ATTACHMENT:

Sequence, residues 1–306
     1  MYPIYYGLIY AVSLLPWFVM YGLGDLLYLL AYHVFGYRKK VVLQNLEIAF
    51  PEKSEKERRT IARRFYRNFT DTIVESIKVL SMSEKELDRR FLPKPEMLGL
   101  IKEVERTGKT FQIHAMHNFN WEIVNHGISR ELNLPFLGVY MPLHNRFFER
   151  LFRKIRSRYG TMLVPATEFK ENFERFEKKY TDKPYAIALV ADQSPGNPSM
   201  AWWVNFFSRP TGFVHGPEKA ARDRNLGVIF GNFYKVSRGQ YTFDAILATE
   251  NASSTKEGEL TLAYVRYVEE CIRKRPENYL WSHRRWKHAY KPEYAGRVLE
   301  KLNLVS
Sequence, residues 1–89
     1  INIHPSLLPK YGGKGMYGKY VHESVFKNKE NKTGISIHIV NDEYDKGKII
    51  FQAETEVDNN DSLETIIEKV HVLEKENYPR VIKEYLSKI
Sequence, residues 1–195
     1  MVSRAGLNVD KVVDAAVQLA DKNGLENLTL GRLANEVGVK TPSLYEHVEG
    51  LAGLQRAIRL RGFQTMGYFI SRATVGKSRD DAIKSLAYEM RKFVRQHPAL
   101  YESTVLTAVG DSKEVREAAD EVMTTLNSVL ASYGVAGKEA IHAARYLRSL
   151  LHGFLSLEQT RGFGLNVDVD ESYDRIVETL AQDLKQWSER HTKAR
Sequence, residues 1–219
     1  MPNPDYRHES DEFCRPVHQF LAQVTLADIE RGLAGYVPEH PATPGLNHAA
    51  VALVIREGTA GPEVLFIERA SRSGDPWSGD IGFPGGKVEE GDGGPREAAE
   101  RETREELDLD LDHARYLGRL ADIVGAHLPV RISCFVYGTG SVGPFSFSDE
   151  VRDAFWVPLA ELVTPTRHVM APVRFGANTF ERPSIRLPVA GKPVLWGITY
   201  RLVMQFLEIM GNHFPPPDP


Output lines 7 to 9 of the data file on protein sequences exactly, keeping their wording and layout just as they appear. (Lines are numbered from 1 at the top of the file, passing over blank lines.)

   251  NASSTKEGEL TLAYVRYVEE CIRKRPENYL WSHRRWKHAY KPEYAGRVLE
   301  KLNLVS
Sequence, residues 1–89